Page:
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Saudi Crown Prince Mohammed bin Salman speaks during Organisation of Islamic Cooperation (OIC) summit in Riyadh, Saudi Arabia, November, 11, 2023.

Saudi Press Agency/Handout via REUTERS

Saudis in a tight spot

In Riyadh, Saudi Crown Prince Mohammed bin Salman (widely known as MBS) hosted a joint Arab League and Organization of Islamic Cooperation summit, whose leaders on Saturday called for an immediate halt to Israel’s “barbaric” military assault in Gaza — stopping short of imposing political or economic sanctions on Israel.

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Is the Middle East becoming the "new Europe”?
Is Middle East becoming the "new Europe”? | World In :60 | GZERO Media

Is the Middle East becoming the "new Europe”?

Ian Bremmer shares his insights on global politics this week on World In :60.

First, will there be long-term regional consequences following the devastating Moroccan earthquake?

I hopefully I think the answer to that is, no. I mean, the response from the government was relatively, it wasn't immediate. And it wasn't great to begin with, in part, because the king, I guess, was in Paris. And it's very vertical. Nothing happens without the king. But now they're moving. There's a lot of international humanitarian aid going in. And as devastating as it is in terms of human lives, the ability to keep Marrakech going is pretty high. Even the IMF annual meeting in a few weeks’ time should still be there. So on balance, I think this is one where the consequences are borne by all of the families, but not on Morocco more broadly.

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Saudi-led peace talks on Ukraine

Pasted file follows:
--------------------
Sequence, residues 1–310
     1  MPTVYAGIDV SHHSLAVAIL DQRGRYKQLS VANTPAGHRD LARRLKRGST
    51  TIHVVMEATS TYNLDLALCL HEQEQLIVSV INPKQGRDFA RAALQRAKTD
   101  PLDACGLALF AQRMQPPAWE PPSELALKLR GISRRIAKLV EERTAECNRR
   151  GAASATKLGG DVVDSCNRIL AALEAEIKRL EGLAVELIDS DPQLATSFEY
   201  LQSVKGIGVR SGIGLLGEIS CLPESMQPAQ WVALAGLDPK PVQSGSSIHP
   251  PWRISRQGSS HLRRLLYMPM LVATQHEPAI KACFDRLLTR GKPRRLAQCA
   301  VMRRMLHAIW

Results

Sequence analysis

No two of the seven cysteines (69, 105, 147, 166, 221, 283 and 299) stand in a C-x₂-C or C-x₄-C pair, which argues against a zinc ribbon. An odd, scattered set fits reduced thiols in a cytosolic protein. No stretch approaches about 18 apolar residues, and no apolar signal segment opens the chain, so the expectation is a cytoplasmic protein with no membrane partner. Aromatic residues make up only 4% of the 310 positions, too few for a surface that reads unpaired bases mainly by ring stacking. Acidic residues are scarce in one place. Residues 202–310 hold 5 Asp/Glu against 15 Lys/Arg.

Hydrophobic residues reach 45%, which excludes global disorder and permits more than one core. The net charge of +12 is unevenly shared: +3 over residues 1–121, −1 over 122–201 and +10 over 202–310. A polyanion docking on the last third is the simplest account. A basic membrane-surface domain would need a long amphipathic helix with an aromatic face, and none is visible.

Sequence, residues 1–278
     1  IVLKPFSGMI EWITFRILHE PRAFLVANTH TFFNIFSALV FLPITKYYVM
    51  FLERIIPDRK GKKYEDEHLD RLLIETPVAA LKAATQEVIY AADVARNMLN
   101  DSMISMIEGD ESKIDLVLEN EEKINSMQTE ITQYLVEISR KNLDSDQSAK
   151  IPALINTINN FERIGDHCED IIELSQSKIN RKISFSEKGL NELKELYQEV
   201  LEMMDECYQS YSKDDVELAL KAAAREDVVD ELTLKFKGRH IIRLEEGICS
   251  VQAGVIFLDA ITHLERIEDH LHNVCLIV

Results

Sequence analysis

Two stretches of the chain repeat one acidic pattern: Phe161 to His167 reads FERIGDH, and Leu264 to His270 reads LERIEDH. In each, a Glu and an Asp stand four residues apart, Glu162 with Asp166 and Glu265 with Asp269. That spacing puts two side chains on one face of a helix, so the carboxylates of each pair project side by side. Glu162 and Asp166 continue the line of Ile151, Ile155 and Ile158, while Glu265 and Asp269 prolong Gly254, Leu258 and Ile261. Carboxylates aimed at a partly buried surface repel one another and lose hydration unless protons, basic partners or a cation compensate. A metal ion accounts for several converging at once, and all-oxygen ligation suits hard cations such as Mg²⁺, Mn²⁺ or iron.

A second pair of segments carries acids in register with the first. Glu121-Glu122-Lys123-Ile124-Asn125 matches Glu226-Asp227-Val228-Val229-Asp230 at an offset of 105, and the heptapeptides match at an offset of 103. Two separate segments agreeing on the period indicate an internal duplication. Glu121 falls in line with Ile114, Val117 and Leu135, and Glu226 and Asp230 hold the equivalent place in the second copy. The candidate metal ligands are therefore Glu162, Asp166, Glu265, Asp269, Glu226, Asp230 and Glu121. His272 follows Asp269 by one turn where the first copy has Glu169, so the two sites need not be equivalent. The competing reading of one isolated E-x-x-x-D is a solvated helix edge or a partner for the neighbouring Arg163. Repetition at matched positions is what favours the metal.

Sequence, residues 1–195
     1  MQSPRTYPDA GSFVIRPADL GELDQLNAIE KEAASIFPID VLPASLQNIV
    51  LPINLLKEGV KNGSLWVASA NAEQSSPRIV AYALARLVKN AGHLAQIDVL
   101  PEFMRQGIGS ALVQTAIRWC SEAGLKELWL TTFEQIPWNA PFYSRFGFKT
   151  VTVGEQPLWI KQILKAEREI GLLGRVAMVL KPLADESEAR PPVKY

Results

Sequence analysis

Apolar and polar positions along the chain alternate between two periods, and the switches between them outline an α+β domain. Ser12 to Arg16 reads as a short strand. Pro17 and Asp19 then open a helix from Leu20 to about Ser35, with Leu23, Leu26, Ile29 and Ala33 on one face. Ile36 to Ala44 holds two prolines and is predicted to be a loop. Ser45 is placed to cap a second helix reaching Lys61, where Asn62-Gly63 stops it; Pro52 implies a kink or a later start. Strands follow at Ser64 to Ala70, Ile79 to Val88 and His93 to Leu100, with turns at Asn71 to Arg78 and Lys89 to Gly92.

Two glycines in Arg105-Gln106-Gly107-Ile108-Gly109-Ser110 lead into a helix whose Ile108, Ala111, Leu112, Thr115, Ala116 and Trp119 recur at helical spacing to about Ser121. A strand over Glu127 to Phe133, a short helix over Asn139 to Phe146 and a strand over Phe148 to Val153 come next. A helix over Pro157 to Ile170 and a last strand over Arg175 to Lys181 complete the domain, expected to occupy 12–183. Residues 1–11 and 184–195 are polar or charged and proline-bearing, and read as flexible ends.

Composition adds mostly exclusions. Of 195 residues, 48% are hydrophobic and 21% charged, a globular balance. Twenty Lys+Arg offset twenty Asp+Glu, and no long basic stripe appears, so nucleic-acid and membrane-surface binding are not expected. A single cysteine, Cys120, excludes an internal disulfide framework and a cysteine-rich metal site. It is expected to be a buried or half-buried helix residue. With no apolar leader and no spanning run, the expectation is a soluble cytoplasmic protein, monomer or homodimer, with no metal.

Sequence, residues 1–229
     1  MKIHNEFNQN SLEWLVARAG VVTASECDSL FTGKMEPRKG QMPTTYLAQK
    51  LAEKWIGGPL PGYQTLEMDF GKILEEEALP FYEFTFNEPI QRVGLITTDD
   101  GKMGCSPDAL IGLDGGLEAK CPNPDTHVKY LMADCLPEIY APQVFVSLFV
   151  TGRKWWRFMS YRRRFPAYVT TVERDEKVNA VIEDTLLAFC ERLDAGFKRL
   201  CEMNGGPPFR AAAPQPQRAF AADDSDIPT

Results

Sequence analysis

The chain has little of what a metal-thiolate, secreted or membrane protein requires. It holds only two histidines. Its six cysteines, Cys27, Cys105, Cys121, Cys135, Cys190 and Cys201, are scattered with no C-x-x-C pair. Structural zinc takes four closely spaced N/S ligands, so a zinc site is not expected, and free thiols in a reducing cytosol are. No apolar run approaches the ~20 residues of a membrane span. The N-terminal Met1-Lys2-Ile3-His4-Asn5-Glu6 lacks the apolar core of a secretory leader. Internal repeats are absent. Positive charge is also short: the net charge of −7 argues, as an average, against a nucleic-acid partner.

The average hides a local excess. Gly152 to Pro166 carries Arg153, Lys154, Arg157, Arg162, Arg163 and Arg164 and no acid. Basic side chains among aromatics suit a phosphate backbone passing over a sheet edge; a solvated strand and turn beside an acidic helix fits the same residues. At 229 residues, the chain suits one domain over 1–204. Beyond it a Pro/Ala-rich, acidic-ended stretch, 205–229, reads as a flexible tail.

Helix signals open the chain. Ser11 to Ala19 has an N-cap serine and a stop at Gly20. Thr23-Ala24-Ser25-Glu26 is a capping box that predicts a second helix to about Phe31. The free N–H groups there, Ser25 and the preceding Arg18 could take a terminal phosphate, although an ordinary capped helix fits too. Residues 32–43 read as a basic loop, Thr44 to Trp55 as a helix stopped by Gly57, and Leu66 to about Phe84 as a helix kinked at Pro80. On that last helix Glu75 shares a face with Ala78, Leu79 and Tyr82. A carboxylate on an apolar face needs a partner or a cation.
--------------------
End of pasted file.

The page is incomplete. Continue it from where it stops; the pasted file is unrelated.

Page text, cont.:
Saudi-led peace talks on Ukraine | Quick Take | GZERO Media

Saudi-led peace talks on Ukraine

Ian Bremmer's Quick Take: Hi, everybody. Ian Bremmer here. A Quick Take to kick off your week hot summer week.

And the Saudis are saying that they are going to host a broad peace conference on Ukraine this weekend. Lots to unpack here. First of all, the Ukrainians are going. It looks like the Americans are sending Jake Sullivan, the national security advisor. He's been back and forth to the kingdom a fair bit of late. And the Ukrainians are saying that these talks will be on the basis of the ten-point peace plan that they rolled out last year. Nothing particularly earth-shattering about that plan. Not a surprise they'd be okay with it. It is the Russians returning all the land.It is war reparations being paid by Russia. It is war crimes being fully investigated, prosecuted. None of which is acceptable to the Kremlin. But if the Saudis are hosting it, the Ukrainians are part of it, and everyone is invited - the Chinese, the Indians, the Brazilians, the Europeans, but not the Russians. And what we seem to see is that the Russians haven't had communications directly with the Saudis on this, and instead you have the Kremlin spokesperson saying they're studying it. You know, they're of course, they want to be constructive. That's the official position. So we're going to see where this is going. It's pretty interesting.

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Syria'n President Bashar Assad


Once frozen out, Bashar Assad is back in

Over the past decade, few Arab leaders have been willing to go anywhere near Syrian dictator Bashar Assad. Sure, he managed to hold on to a few friends – like Iran and Russia – but for the most part, the Syrian president, broadly dubbed “The Butcher” for waging a war on his own people, has been considered persona non grata by regional bigwigs.

But Assad is now being embraced by many who had once vowed to continue treating him as a pariah. In recent weeks, Assad enjoyed the royal treatment when he attended an Arab League summit in Jeddah, Saudi Arabia, for the first time in over a decade, while a top Syrian official also rubbed shoulders with international diplomats at a World Health Organization summit in Geneva last week.